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From GameStop to BlackBerry, here’s why the shorts are getting squeezed

Tuesday, January 26, 2021

A version of this article first appeared in the Morning Brief. Get the Morning Brief sent directly to your inbox every Monday to Friday by 6:30 a.m. ET. Subscribe

A manic Monday to start the week.

Looking at the major averages on Monday, you might think it was a fairly placid trading session.

The Dow (^DJI) lost just over 0.1%, the S&P 500 (^GSPC) gained a little more than 0.3%, and the Nasdaq (^IXIC) closed up 0.7% to hit a record high.

But underneath the surface, one of the wildest trading days we’ve seen in some time broke out.

GameStop (GME) remained the day’s top story, as the stock continued its unbelievable run from the ~$4 per share range back in the summer to a whopping $76.77 as of Monday’s close.

In a story published Monday, Bloomberg’s Brandon Kochkodin chronicled the ongoing relationship between Reddit’s “wallstreetbets” (WSB) forum, and shares of the struggling video game retailer. In this story we find a fundamental case for buying the stock: A character from Michael Lewis’ famous book “The Big Short” (Dr. Michael Burry), an activist investor who also founded Chewy (CHWY), and along the way a redditor named “Senior_Hedgehog” plays a major role.

Truly a tale for the modern market.

As Yahoo Finance’s Ines Ferre has chronicled, the last handful of trading sessions have centered on the clash between WSB and GameStop’s short sellers. This saga continued on Monday.

But during the session, we also saw the breakout of a market-wide strategy to pile into names that investors are betting against en masse. According to data from FinViz, more than a dozen stocks with more than 30% of their outstanding shares sold short rallied more than 10% on Monday.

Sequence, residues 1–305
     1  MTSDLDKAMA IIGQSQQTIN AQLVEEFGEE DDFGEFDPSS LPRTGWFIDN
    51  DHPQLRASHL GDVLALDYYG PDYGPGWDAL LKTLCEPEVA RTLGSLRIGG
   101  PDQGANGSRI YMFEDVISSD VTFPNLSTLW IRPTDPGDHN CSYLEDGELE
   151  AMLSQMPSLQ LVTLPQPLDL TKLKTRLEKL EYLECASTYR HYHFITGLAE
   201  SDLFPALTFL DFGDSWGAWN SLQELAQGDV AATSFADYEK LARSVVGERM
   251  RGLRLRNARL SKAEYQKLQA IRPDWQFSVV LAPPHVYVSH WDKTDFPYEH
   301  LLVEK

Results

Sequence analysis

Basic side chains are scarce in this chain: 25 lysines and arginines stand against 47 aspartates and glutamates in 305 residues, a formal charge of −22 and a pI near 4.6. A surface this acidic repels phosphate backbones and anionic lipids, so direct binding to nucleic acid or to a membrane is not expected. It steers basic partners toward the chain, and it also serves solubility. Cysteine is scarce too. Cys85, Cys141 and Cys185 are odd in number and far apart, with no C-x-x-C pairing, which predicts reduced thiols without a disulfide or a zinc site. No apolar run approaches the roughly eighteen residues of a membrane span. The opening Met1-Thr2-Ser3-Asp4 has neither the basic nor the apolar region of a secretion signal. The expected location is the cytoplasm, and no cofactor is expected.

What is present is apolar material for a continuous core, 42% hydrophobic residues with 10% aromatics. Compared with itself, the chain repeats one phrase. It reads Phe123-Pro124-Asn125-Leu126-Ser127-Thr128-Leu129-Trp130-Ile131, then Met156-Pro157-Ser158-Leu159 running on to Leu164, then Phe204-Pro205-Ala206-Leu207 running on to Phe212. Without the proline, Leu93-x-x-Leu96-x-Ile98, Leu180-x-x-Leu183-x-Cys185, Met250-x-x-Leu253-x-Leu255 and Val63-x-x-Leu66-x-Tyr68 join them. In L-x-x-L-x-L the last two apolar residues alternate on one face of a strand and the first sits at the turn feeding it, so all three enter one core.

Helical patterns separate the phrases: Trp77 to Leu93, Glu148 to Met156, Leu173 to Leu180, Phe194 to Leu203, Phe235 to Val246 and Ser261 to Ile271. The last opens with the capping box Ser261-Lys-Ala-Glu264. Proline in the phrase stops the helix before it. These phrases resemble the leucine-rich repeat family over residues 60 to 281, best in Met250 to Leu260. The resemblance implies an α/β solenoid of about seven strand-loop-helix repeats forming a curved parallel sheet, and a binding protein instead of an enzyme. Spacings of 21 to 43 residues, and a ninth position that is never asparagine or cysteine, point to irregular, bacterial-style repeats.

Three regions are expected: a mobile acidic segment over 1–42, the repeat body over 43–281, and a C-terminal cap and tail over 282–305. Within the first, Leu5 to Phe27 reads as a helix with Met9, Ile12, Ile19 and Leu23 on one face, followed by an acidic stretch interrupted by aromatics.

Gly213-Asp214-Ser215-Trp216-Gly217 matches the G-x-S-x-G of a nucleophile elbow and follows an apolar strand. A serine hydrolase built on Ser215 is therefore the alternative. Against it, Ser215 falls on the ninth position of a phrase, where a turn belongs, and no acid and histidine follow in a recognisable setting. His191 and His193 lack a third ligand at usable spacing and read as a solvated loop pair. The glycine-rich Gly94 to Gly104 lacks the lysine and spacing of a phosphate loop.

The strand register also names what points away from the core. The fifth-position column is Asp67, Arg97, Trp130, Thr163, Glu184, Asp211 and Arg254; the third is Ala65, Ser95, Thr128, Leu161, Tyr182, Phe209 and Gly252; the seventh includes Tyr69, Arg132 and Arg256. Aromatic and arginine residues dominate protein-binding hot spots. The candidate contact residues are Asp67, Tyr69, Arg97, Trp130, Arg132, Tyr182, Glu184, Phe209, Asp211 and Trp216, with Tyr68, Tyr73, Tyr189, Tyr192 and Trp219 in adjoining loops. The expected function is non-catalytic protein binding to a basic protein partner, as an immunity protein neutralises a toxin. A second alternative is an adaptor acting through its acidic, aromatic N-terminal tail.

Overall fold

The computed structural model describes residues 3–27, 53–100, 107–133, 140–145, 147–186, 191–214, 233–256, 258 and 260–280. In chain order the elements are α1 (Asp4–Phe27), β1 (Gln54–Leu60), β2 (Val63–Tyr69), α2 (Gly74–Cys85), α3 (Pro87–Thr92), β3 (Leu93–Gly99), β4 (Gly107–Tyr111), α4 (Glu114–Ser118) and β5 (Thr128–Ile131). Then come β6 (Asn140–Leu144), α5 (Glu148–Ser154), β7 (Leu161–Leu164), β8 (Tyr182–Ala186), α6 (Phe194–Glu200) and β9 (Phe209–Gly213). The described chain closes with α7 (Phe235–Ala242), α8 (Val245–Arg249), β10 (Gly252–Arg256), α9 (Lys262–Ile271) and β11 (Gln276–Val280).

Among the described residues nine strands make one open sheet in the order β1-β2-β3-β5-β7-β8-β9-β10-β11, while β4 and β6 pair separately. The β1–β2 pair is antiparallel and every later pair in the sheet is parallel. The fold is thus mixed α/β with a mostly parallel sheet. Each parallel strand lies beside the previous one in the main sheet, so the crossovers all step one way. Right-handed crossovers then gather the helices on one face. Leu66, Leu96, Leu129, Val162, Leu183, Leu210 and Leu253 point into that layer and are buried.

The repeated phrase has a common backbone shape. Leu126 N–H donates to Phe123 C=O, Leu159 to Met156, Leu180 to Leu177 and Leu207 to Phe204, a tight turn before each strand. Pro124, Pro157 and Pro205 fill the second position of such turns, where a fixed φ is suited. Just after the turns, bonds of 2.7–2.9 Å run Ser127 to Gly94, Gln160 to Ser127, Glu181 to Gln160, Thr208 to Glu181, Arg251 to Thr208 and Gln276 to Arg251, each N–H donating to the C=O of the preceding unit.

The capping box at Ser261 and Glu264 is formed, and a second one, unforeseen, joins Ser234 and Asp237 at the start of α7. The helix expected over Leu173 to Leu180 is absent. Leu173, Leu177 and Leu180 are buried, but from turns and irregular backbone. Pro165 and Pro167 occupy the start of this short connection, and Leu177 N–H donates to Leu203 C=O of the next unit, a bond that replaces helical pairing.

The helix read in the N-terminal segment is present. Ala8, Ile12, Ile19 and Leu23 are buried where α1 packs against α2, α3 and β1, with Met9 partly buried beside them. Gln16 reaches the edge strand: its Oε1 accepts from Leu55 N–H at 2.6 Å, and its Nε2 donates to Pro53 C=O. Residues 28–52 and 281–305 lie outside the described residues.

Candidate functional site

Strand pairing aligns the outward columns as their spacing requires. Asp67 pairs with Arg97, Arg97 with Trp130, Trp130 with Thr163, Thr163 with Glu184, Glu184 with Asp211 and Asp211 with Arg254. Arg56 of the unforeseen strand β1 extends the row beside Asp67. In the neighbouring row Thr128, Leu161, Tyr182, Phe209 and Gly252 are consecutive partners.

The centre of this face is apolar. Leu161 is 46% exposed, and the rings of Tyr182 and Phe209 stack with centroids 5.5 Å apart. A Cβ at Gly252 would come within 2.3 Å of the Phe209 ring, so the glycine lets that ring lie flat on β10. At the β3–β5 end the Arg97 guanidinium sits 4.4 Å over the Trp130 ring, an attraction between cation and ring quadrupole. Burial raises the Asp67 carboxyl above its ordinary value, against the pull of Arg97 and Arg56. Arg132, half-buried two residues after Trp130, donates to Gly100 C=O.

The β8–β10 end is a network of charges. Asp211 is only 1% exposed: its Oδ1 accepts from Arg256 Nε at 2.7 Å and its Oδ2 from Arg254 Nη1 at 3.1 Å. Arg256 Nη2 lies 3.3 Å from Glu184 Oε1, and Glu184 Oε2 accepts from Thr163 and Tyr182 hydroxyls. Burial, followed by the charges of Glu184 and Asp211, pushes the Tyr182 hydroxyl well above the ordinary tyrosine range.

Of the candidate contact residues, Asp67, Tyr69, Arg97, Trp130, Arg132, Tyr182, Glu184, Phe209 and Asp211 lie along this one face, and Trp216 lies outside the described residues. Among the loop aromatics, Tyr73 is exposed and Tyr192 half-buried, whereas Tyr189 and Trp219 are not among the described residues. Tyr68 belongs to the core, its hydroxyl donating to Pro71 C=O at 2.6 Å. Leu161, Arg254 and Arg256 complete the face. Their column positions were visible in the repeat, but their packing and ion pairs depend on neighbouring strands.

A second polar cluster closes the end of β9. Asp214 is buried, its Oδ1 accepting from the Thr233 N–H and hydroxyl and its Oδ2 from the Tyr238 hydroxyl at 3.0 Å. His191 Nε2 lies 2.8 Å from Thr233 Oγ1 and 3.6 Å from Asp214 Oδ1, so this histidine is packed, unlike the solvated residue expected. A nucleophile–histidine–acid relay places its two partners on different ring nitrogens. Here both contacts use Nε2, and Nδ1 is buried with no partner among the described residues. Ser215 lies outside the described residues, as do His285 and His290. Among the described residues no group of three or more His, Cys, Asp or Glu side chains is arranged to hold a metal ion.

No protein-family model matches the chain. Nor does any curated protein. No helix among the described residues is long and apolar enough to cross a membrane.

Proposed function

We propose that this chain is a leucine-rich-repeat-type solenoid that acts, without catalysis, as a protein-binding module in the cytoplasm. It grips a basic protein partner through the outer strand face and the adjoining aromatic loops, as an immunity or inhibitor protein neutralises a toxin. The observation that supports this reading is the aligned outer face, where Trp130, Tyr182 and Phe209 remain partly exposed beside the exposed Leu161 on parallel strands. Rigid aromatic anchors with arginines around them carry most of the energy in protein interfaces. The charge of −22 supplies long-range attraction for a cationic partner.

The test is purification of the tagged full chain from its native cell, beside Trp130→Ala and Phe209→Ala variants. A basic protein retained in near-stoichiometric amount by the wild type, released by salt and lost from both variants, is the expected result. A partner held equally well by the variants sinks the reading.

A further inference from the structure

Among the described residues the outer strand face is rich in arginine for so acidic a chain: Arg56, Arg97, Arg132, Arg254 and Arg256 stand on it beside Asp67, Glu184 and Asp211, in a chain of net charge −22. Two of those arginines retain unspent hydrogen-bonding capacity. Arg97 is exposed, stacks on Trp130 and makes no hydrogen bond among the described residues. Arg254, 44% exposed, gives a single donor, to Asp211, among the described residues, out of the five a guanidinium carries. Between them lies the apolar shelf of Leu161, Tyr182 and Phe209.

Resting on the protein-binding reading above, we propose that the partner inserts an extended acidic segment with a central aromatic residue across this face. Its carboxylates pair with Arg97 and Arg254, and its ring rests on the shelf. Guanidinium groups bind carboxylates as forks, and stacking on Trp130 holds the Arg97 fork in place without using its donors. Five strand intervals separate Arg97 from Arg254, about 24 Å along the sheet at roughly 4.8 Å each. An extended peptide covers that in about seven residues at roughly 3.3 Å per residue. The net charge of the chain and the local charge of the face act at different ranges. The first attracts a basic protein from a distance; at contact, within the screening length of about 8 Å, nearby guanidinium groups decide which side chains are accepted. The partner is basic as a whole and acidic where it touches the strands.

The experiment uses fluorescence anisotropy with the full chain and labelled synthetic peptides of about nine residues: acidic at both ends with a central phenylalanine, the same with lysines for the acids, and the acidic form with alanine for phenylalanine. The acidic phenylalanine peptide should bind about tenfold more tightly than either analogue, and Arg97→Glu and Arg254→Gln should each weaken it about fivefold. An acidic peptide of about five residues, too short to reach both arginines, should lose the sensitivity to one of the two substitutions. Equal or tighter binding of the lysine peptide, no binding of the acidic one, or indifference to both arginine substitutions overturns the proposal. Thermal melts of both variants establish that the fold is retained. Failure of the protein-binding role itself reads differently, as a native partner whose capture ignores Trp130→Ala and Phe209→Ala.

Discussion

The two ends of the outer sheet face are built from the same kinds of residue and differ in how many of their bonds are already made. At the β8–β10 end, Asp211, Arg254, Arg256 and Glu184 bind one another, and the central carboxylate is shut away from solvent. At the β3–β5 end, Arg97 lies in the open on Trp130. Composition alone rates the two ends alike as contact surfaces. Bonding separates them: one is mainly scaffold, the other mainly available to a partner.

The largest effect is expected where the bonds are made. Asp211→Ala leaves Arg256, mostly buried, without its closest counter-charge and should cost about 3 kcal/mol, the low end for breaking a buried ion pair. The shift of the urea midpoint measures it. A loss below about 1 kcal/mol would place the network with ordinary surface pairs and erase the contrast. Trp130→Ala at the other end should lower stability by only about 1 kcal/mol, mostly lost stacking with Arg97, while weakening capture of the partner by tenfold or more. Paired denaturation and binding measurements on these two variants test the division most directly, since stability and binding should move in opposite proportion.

In other words, betting on companies that lots of investors are betting against was the biggest driver of single-stock moves to start the week.

Shares of La Croix-maker National Beverage Co. (FIZZ) rose more than 13% on Monday; more than 60% of the company’s stock is currently being sold short.

Some retail-related names were also caught up in this trade, as mall REIT Macerich (MAC) saw its shares rise more than 21% on Monday, while shares of Macy’s (M) were up 10%. More than 30% of both companies’ shares outstanding are currently sold short.

However, not all efforts to blow out the shorts succeeded on Monday.

Bed, Bath & Beyond (BBBY) — which has a short interest north of 60% — gained 1.5% on Monday, but not before some chicanery that saw shares rise as much as 50% in late-morning trade. Shares of BBBY, we should note, are up some 200% over the past six months.

And not every single-stock surge on Monday was tied to huge short interest. BlackBerry (BB), for instance, saw its stock spike by some 28% to start the week — causing the company to issue a statement explicitly stating that it had no news to report, and therefore no explanation for the rally. Just about 7% of BlackBerry’s outstanding shares are currently sold short.

Which brings us to beleaguered retailer Express (EXPR).

With a market cap under $100 million before Monday’s trade, this is a name that rarely gets much attention in the broader market. But a 131% rally to start the week changed that.

Before Monday’s open, Express shares were rocketing and the stock didn’t move all that much after the open. On Friday, the stock closed at $1.79 per share; on Monday, Express shares closed at $4.15.

Rarely does this kind of move come and go without explanation. But on Monday, the media and Wall Street analysts were left scratching their heads to explain this one-day double of a 1990s-era suburban mall staple.

“Express has been the subject of Reddit boards where users speculated [about] whether it could be the next GameStop, the video-game retailer that surged again today,” Bloomberg reported on Monday.

Leading everyone right back to where this day started: Reading Reddit and looking for the next big thing.

By Myles Udland, a reporter and anchor for Yahoo Finance Live. Follow him at @MylesUdland


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